What Everybody Ought to Know About Openworld 2013 – 10 Tips

 

 

Less than 6 weeks to Oracle OpenWorld, the conference will officially kick off on Sunday, September 22th.

My tips after a decade of regular attendance as a speaker and attendee of Oracle OpenWorld

1)    Book and plan sessions as soon as possible the content catalog will be live in 2 weeks, as the best ones are "sold out" swiftly. Currently 2400 sessions are available, plan what you want to learn this year and keep that in mind when registering for the session. Use the target audience filter.

This year’s OpenWorld themes expect:

·      A focus on cloud solutions.

·      An updated strategy on fusion applications (Fusion turns 2 years old since general release). The new 2.0 website is much easier to navigate here is the link.

·      Within, Oracle ‘s engineered systems expect a hardware announcement and a continuation from last year trend with an aggressive push towards workforce mobility.

·      Product announcements will occur on Oracle technologies to solve vertical business issues, as a speculation expect an announcement to a more comprehensive big data solution and new features on the newly released 12c database.

2)    Don’t miss Larry’s keynote, usually he provides the big announcements and summarizes well the strategy and themes of this year’s OpenWorld and the ongoing strategy.

3)    If you only remember one thing, bring comfortable shoes. You can expect lots of walking and uncomfortable shoes can put a damper on energy very quickly.

4)    Familiarize yourself with the Moscone floor plans

Moscone South floor plans

Moscone West floor plans

5)    Visit the application demo's ground a great venue because its sole focus is to demo and test new applications. Despite the fact that you will be one of many participants, from my experiences you are given great attention.

6)    Bring business cards for the many drawings that are often offered in the exhibit areas.

7)    Use Twitter at OpenWorld, tweets specific to the conference will be using the following hashtag #OOW13, instant updates, specials, giveaways and comments/feedback from others at the conference.

8)    Take advantages of networking opportunities when you can. There is much to be learned from others from other programs and places. Join in panel discussions, ride the shuttle buses.

9)    Always carry your pass even at night time, many specials (discounts at restaurants and stores ~around 10-15%)

10) There is a bookshop on the second floor of Moscone West, where one can get numerous books and souvenirs. If you are into books you may plan to spend sometime looking at these books and buy few for you or your team members back home.They also arrange to send it to the suggested address if you want to avoid excess baggage.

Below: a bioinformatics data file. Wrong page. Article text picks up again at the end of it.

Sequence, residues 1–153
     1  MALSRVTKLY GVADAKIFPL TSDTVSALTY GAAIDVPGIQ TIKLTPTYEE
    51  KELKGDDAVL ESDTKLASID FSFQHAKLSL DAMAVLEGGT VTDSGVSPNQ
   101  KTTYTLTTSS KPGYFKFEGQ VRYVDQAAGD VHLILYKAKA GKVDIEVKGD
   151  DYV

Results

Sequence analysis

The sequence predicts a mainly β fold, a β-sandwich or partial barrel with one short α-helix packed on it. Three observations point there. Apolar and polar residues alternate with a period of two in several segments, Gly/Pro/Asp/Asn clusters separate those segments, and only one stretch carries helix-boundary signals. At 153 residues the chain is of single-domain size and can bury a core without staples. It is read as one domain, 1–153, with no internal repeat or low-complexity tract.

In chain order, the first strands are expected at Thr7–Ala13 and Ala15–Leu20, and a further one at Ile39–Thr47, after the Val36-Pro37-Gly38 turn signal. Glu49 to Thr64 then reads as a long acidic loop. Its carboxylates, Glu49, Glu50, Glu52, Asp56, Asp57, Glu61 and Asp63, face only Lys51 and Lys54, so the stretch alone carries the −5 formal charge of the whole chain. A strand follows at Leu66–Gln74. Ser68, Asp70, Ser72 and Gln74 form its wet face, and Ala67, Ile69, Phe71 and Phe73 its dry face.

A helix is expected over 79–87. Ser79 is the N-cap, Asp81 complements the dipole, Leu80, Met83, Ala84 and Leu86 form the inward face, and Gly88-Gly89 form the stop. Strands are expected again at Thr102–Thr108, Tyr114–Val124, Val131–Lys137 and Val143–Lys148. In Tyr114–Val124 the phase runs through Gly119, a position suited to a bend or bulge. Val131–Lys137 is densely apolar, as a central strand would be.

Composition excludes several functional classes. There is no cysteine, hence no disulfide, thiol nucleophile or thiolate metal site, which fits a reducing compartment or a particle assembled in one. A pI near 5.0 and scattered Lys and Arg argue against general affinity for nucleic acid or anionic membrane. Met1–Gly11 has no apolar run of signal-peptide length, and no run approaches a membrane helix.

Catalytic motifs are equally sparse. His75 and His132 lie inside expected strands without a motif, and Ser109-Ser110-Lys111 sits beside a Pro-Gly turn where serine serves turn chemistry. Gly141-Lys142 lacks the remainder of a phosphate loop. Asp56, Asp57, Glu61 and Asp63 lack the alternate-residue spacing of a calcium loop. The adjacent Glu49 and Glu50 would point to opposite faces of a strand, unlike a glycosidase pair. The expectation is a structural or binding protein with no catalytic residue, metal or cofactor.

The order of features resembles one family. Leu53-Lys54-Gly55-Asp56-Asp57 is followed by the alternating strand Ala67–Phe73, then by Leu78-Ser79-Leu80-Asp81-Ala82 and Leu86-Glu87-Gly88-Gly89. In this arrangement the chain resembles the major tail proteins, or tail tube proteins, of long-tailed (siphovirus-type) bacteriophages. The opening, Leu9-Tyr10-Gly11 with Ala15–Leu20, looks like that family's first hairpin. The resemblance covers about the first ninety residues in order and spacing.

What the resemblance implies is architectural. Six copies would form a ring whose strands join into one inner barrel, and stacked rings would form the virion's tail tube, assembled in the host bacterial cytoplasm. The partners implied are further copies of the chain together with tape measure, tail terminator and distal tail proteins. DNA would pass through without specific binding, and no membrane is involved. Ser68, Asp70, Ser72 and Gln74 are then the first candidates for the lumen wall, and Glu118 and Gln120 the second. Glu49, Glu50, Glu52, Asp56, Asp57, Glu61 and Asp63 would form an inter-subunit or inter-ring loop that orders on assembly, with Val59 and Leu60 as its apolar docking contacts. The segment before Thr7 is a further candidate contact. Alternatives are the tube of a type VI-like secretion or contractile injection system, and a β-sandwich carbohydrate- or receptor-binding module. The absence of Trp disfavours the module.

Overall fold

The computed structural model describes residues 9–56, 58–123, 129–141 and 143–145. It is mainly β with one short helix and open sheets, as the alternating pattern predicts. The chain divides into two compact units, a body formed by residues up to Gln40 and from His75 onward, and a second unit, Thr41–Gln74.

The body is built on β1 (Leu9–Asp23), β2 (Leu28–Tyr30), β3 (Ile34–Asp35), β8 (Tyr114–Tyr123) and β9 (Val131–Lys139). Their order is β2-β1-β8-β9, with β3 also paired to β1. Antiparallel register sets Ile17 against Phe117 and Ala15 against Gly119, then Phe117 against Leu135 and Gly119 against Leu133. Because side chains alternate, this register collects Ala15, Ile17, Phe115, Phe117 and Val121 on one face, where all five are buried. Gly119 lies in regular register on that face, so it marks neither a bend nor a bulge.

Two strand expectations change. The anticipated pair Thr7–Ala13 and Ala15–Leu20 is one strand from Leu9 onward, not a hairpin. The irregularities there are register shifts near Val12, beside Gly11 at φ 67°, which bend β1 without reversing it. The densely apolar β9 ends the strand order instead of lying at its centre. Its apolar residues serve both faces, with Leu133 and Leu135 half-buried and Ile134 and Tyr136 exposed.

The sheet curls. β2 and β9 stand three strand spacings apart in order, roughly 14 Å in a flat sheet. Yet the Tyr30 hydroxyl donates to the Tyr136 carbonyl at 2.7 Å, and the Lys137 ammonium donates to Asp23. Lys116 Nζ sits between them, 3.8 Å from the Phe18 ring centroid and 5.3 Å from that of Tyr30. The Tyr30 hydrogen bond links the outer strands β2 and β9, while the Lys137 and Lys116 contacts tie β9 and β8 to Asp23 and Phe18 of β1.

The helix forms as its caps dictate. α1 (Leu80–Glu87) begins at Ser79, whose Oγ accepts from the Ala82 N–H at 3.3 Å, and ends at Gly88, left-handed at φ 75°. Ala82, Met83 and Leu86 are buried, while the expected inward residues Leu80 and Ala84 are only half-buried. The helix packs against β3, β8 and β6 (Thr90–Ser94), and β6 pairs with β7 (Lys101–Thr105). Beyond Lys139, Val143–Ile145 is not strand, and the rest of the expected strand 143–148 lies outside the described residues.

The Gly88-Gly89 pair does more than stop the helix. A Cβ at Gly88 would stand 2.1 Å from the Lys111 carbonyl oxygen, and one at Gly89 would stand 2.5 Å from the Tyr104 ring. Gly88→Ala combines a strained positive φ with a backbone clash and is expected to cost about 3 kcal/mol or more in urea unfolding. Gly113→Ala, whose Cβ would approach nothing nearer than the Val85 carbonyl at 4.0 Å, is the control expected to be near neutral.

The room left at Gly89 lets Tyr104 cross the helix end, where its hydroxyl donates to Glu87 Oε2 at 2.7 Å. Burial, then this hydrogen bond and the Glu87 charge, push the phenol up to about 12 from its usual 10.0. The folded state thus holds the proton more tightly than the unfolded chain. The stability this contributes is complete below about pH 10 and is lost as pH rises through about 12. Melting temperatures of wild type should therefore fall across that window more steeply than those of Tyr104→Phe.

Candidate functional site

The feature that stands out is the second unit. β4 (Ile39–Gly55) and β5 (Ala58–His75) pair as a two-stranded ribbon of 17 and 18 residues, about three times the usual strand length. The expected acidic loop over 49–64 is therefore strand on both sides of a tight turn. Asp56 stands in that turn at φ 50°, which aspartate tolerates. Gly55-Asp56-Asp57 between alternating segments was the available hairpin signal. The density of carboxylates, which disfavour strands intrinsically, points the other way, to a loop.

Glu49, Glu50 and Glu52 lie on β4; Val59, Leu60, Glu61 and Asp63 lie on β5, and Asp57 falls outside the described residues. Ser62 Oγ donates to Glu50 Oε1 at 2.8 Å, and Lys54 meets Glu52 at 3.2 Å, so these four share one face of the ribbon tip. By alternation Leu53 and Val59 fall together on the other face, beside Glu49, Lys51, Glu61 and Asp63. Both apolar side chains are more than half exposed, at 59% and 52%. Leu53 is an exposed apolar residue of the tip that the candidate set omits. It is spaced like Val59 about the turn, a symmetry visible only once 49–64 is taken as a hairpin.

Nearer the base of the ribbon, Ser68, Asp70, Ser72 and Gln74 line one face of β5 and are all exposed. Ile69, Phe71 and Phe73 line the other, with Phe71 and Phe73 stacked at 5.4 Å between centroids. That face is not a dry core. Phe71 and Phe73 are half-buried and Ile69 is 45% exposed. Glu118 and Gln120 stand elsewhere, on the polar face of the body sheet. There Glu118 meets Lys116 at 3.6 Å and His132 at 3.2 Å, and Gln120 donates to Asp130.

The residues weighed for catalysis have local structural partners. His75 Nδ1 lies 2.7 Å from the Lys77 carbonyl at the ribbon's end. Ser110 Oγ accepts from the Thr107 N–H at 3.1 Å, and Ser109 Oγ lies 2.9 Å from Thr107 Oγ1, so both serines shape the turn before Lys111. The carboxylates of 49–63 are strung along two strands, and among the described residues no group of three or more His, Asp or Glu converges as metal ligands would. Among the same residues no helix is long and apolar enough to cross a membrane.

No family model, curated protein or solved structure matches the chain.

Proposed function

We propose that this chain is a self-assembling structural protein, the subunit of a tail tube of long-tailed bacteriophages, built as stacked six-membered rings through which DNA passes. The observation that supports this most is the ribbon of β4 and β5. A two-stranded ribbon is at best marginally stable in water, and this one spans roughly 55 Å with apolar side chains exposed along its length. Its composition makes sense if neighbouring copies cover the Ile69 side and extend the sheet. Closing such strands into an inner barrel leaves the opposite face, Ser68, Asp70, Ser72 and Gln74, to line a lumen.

Oracle OpenWorld is a must-attend business and IT conference event each year.

I’ll be there, and I will blog with twitter you can follow me at @AlexAntonatos and my focus this year will be on cloud solutions, architecture, Hyperion and Fusion sessions.

Also looking forward to the following Oracle ACE activities during OpenWorld 2013:

  Sun, Sep 22: Annual Oracle ACE Dinner

  Wed, Sep 25: Blogger Meetup, Jillians

Have I missed any other helpful tips? Leave a comment!

 

Stay Optimistic

on Saturday, 05 January 2013. Posted in Blog

 

 

I was reading this weekend, the most watched TV programs were MSNBC and CNN Money.

 

Also looking at NY Times, Financial Post and the Economist reported 35% increase in their paper sales - All with pessimistic news as front page. Let’s take a step back this concludes that fear sells do not be a pessimist. No depression is coming unemployment is 7% and not 40 %, in those times no government programs existed and governments made crucial mistakes by staying on the side lines in the 30's.

 

 

Here are some quick tips on how to start seeing the glass half-full:

 

  • Find the good. Even in less-than-great situations, there’s a way to find something positive. It may be hard to see at first, but try looking closer!

 

  • Write it down. First thing in the morning, make a list of everything you’re grateful for and start the day with a positive attitude. Or end the day with a smile and write down a few good things that happened, like finishing a big report at work or getting an e-mail from an old friend. The habit makes it easier to appreciate the positive parts of life.
  • Stay Balanced. Life isn’t all good, all the time, so don’t worry if those positive thoughts don’t flow freely. Staying realistic is also important to help manage anxiety and boost productivity.

 

 

Our leaders have studied the depression case of the 1930's, it will not be repeated.

 

The problem is not a recession but the credit issue and lack of faith in our governments, recessions happen and they are healthy for the economy, they remove excess(if any).

 

In a study of 99 Harvard University students, those who were optimists at age 25 were significantly healthier at ages 45 and 60 than those who were pessimists. Other studies have linked a pessimistic explanatory style with higher rates of infectious disease, poor health, and earlier mortality.

 

Enjoy your first weekend of 2013!